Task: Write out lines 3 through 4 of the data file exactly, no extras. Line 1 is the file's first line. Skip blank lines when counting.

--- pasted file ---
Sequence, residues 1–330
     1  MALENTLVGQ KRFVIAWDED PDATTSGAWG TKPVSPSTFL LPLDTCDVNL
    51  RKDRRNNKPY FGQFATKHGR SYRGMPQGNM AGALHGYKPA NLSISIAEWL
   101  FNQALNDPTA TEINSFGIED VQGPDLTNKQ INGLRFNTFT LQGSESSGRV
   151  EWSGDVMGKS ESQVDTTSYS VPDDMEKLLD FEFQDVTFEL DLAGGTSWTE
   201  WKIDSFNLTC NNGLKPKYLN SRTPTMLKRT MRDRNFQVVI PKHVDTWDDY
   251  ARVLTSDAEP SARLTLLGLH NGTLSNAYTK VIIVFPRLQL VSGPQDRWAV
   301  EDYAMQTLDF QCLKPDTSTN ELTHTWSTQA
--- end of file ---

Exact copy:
    51  RKDRRNNKPY FGQFATKHGR SYRGMPQGNM AGALHGYKPA NLSISIAEWL
   101  FNQALNDPTA TEINSFGIED VQGPDLTNKQ INGLRFNTFT LQGSESSGRV